Shockingly as soon as the 15 mins were up a Silver Washed Fritilliary and a couple of Brown Argus appeared next to me.

Walking the Edges


Deciding to walk more of the woods than usual I headed off into the woods themselves, following one of the many paths that grid the woodland, as I walked, more butterflies appeared, Brown Argus butterflies kept to the edges, while more Silver Washed Fritilliary hawked high up in the canopy, or glided over the brambles. A lone Small Copper flew between daisies along the wheat lined edges, Small Tortoiseshells sunned themselves on various dappled glades. Even a Marbled White put in a brief appearance as it made its way through the woodland edge.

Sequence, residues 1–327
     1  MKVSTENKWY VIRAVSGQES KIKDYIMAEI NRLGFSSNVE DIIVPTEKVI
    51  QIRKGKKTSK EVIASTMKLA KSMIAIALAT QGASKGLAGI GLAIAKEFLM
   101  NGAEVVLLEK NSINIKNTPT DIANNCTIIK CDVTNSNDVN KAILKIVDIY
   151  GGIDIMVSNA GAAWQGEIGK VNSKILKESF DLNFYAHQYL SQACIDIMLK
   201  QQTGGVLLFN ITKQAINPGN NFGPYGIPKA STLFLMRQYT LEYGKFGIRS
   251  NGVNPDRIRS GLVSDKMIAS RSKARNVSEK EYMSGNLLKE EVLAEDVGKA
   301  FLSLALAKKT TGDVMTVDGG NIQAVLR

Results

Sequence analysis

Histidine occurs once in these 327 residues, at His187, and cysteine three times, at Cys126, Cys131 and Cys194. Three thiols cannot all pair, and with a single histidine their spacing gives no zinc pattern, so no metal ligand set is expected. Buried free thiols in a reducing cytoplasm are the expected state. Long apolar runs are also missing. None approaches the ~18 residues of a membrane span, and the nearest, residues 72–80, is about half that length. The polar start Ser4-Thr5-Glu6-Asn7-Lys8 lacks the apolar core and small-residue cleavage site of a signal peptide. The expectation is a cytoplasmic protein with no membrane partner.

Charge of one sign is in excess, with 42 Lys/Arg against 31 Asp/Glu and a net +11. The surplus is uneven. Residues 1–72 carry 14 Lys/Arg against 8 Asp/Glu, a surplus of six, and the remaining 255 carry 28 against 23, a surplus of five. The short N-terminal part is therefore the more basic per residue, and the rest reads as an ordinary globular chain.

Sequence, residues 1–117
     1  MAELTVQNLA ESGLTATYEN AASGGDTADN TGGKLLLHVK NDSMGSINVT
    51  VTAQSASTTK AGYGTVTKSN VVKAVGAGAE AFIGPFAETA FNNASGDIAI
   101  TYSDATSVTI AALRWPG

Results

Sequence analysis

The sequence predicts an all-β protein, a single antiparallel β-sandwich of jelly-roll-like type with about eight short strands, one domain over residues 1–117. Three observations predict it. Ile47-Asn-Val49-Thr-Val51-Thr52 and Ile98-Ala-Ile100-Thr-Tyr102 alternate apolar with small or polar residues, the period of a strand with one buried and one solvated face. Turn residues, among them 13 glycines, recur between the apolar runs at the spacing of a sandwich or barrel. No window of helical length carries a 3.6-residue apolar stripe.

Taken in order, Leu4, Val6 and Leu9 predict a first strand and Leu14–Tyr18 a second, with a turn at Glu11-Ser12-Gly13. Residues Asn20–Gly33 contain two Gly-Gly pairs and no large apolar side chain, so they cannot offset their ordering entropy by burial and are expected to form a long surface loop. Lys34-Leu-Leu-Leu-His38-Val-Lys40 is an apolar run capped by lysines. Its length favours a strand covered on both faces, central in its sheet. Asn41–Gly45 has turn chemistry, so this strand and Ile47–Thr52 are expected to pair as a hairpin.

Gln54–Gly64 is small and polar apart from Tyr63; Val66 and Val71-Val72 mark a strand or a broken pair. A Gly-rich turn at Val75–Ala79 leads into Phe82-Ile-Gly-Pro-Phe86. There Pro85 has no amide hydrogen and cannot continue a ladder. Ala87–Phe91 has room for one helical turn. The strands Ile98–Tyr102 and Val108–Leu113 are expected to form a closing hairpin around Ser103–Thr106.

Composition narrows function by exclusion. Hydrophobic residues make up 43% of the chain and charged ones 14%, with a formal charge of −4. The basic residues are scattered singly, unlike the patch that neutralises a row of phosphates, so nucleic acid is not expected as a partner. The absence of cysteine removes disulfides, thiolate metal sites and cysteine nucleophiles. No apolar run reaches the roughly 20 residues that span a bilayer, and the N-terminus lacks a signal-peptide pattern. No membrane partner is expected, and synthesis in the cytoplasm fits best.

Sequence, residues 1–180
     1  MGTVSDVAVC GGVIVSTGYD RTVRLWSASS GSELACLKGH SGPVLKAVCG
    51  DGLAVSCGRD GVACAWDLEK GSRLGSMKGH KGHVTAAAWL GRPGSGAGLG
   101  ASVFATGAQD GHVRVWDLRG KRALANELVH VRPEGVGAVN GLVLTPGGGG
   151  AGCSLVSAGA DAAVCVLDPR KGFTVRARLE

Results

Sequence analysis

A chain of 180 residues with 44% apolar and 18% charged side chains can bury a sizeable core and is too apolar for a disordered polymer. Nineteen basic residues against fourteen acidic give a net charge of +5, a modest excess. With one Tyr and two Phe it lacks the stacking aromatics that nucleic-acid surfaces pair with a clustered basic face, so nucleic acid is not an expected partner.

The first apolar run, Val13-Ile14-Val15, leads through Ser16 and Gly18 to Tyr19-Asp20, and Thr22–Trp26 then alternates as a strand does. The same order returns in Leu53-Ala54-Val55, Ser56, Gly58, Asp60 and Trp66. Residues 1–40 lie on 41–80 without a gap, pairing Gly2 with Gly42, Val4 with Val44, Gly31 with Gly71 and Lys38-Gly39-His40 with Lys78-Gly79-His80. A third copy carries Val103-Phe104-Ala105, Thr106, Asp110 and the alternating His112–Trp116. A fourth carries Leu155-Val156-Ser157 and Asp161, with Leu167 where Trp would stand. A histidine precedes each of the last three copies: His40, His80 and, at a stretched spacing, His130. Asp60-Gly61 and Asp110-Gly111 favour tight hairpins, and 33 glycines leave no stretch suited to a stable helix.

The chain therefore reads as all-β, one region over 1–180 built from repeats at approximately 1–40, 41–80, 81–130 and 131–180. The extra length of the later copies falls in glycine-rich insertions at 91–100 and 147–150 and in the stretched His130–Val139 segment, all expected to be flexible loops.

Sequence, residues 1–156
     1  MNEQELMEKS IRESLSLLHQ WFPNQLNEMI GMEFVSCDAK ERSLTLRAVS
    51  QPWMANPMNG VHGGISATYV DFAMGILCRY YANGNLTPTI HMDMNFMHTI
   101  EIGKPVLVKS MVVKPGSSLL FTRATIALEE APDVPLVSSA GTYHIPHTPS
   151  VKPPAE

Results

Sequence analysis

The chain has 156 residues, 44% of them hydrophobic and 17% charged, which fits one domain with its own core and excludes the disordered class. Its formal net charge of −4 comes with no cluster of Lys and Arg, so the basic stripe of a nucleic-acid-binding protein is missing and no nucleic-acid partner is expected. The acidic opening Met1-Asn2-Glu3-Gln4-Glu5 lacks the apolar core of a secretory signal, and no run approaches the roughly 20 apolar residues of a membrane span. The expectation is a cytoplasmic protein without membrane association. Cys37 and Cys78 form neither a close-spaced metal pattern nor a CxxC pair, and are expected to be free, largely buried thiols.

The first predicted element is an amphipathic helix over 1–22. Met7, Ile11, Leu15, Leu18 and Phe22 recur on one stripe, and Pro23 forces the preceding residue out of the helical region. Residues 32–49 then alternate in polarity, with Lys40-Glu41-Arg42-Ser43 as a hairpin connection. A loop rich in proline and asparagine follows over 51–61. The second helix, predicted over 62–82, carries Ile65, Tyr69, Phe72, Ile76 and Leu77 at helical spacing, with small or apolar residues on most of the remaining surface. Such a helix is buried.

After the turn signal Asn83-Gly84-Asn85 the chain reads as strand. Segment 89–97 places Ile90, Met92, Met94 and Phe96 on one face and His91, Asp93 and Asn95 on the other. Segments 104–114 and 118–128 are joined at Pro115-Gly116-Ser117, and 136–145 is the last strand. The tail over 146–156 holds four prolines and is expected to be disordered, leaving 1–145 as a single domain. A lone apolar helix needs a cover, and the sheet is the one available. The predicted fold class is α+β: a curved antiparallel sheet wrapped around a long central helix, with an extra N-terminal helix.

Brown Argus
Brown Argus

Small Copper
Small Copper

Small Skipper
Small Skipper


As I prepared to leave the woodlands a dark brown, almost black shape drifted down from the canopy above me, flashes of white on the wings marking the distinctive pattern of a White Admiral, only my second ever. I watched as with delicate flaps it moved through the undergrowth, never landing for more than a few moments and rarely below head height, before eventually it headed off high into teh canopy once more.

White Admiral
White Admiral


Complete Butterfly List


After walking more of the wood than I have ever walked before, heading through the centre to the wonderful wheat fields, I finished the day with 21 species of butterfly, an amazing haul of butterflies, the complete list is below.

White Admiral  1
Red Admiral 4
Marbled White 1